“It’s all terrible with Russia but I don’t find it good that we’re stopping it now,” she told AFP at the white sandy beachfront.

“Everyone had hoped that gas will be cheaper and now everything is more expensive, and there’s not all that much money up in this region,” she said.

Unlike Ahrens, another resident in the north-eastern Mecklenburg-Western Pomerania region, Heike Schulte, said the pipeline had to be halted “simply because the dependency to Russia is too great.”

And the 66-year-old says she is prepared to fork out more if that is the price to pay for ditching cheaper Russian energy.

“It’s the price of civilisation, we must live with it,” she said.

By Hui Min NEO

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‘Russia must not win this war,’ says Germany’s Scholz

German Chancellor Olaf Scholz pledged once again to stand with Ukraine against Russia - but said Ukraine's bid to join the EU cannot be sped up.

'Russia must not win this war,' says Germany's Scholz

Scholz said the war in Ukraine was the greatest crisis facing the EU in its history, but that solidarity was strong. 

“We are all united by one goal: Russia must not win this war, Ukraine must prevail,” Scholz said in the speech to the Bundestag on Thursday.

Putin thinks he can use bombs to dictate the terms for peace, the SPD politician said. 

“He’s wrong. He was wrong in judging the unity of Ukrainians, and the determination of our alliances. Russia will not dictate peace because the Ukrainians won’t accept it and we won’t accept it.”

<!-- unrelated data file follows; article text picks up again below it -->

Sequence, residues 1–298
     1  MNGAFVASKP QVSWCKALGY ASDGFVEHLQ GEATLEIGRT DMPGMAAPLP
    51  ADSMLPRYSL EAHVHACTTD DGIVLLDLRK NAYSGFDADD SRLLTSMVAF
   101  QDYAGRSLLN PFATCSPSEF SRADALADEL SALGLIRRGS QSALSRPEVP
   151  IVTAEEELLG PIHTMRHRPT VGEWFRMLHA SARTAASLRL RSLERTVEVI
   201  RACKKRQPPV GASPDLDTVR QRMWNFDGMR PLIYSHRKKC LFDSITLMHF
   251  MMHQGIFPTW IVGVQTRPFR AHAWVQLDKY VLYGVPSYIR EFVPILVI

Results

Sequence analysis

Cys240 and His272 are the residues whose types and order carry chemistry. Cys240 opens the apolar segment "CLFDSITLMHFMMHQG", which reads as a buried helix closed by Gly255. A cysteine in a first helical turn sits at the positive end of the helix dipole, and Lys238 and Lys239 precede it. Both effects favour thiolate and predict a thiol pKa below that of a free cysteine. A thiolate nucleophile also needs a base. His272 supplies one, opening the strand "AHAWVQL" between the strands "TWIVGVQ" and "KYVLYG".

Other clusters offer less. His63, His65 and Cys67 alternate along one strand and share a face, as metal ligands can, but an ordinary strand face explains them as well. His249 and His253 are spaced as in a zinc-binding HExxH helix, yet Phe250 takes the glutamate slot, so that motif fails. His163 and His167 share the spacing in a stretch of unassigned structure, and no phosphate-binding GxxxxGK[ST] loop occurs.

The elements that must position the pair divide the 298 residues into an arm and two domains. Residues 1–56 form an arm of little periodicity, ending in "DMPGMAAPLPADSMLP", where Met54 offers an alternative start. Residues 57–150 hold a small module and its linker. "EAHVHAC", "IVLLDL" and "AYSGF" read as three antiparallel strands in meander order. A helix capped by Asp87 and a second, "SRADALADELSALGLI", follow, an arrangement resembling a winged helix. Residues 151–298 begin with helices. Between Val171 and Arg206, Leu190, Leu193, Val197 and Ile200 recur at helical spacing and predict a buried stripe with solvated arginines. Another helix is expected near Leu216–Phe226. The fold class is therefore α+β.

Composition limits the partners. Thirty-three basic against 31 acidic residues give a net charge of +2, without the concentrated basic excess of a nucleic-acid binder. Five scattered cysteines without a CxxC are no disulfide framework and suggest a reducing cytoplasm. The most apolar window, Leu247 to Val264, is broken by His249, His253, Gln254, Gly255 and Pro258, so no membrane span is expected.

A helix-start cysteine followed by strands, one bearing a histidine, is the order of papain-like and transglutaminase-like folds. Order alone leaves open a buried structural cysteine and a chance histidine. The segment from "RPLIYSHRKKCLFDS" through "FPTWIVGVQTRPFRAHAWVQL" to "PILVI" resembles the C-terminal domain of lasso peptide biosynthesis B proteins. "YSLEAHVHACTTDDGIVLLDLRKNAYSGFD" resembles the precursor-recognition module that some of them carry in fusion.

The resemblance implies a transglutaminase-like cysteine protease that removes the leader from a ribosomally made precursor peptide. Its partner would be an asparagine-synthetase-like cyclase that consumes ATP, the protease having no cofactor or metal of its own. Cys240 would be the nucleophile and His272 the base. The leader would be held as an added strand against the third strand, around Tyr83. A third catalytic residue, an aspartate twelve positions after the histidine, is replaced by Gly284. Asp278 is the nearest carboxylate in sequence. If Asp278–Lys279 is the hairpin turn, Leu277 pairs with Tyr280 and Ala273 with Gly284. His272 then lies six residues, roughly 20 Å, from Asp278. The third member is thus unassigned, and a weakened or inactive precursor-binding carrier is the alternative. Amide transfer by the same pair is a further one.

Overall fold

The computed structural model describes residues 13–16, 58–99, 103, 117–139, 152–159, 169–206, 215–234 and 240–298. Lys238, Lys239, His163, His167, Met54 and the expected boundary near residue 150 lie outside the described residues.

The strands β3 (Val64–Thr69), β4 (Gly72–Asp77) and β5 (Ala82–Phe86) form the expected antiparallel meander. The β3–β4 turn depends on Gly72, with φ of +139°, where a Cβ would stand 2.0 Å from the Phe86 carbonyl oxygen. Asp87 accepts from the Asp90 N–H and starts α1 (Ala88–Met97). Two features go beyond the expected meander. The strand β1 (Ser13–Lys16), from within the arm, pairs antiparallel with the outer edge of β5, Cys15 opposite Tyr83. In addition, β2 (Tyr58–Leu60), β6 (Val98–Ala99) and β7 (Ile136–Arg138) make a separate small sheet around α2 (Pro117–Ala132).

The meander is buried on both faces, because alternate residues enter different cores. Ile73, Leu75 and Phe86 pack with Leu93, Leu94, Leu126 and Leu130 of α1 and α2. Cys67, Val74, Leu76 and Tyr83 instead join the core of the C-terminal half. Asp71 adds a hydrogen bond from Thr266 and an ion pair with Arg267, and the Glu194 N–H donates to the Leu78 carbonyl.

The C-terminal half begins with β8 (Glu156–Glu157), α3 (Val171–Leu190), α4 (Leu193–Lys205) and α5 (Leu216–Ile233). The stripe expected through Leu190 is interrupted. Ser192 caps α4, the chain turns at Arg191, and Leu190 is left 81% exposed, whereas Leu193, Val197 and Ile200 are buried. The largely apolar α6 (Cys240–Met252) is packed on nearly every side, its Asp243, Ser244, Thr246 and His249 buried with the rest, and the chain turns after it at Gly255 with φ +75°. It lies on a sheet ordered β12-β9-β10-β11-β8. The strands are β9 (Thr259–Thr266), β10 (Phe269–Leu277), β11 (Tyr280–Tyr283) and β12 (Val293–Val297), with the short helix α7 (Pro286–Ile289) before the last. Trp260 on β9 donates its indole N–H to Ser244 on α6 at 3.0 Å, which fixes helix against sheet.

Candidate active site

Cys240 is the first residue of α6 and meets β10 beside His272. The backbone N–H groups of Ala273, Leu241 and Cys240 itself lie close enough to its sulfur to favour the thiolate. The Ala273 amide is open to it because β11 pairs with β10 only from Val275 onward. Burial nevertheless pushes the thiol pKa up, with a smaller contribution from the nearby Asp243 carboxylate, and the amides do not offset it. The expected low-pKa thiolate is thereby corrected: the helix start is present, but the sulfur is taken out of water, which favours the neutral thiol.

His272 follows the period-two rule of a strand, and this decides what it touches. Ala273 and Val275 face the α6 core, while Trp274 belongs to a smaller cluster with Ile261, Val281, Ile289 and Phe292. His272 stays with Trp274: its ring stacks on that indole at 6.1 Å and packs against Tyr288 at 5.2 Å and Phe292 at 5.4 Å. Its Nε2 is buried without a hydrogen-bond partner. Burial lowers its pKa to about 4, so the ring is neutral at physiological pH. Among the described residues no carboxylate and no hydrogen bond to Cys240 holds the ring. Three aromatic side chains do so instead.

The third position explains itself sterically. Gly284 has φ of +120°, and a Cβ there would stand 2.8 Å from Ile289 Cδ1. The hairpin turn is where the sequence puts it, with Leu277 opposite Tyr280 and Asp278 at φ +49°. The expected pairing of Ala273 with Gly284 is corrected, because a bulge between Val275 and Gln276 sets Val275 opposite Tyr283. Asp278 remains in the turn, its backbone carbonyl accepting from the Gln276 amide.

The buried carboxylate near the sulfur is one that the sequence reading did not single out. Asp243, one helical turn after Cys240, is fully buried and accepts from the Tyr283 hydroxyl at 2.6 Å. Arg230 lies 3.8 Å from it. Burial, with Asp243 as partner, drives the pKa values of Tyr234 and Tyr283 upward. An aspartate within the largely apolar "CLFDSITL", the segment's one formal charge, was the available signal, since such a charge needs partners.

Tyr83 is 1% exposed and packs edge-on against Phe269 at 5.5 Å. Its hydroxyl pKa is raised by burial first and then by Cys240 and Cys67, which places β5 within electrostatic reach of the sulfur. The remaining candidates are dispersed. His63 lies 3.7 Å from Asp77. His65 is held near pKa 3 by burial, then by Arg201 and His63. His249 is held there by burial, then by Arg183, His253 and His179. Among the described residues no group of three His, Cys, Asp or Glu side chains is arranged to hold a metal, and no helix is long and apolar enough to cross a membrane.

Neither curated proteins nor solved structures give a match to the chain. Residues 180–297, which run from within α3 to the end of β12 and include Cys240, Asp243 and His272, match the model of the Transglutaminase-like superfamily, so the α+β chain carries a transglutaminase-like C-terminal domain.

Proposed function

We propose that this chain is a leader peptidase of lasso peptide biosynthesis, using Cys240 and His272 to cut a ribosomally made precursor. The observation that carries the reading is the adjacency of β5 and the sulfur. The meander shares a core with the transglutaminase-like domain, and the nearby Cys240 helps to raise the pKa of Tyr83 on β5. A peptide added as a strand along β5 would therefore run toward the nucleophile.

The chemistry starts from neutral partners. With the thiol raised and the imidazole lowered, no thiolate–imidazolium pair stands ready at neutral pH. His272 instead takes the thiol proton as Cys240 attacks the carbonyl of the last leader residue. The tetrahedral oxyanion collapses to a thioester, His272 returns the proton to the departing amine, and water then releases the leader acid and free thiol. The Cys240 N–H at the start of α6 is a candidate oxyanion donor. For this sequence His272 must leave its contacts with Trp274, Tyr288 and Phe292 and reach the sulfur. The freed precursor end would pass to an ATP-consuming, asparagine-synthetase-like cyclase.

Scholz said it was only when Putin understands that he cannot break Ukraine’s defence capability that he would “be prepared to seriously negotiate peace”.

For this, he said, it is important to strengthen Ukraine’s defences. 

Scholz also pledged to help cut Europe free from its reliance on Russian energy. 

The Chancellor welcomed the accession of Finland and Sweden to Nato. “With you at our side, Nato, Europe will become stronger and safer,” he said.

However, Scholz dampened expectations for Ukraine’s quick accession to the EU.

“There are no shortcuts on the way to the EU,” Scholz said, adding that an exception for Ukraine would be unfair to the Western Balkan countries also seeking membership.

“The accession process is not a matter of a few months or years,” he said.

Scholz had in April called for Western Balkan countries’ efforts to join the EU to be accelerated amid a “new era” in the wake of Russia’s invasion of Ukraine.

Last October, EU leaders at a summit in Slovenia only reiterated their “commitment to the enlargement process” in a statement that disappointed the six candidates for EU membership — Albania, Bosnia, Serbia, Montenegro, North Macedonia and Kosovo – who had hoped for a concrete timetable.

“For years, they have been undertaking intensive reforms and preparing for accession,” Scholz said on Thursday.

“It is not only a question of our credibility that we keep our promises to them. Today more than ever, their integration is also in our strategic interest,” he said.

The chancellor said he would be attending the EU summit at the end of May “with the clear message that the Western Balkans belong in the European Union”.

Scholz also called for other ways to help Ukraine in the short term, saying the priority was to “concentrate on supporting Ukraine quickly and pragmatically”.

France’s President Emmanuel Macron has also said it will take “decades” for a candidate like Ukraine to join the EU, and suggested building a broader political club beyond the bloc that could also include Britain.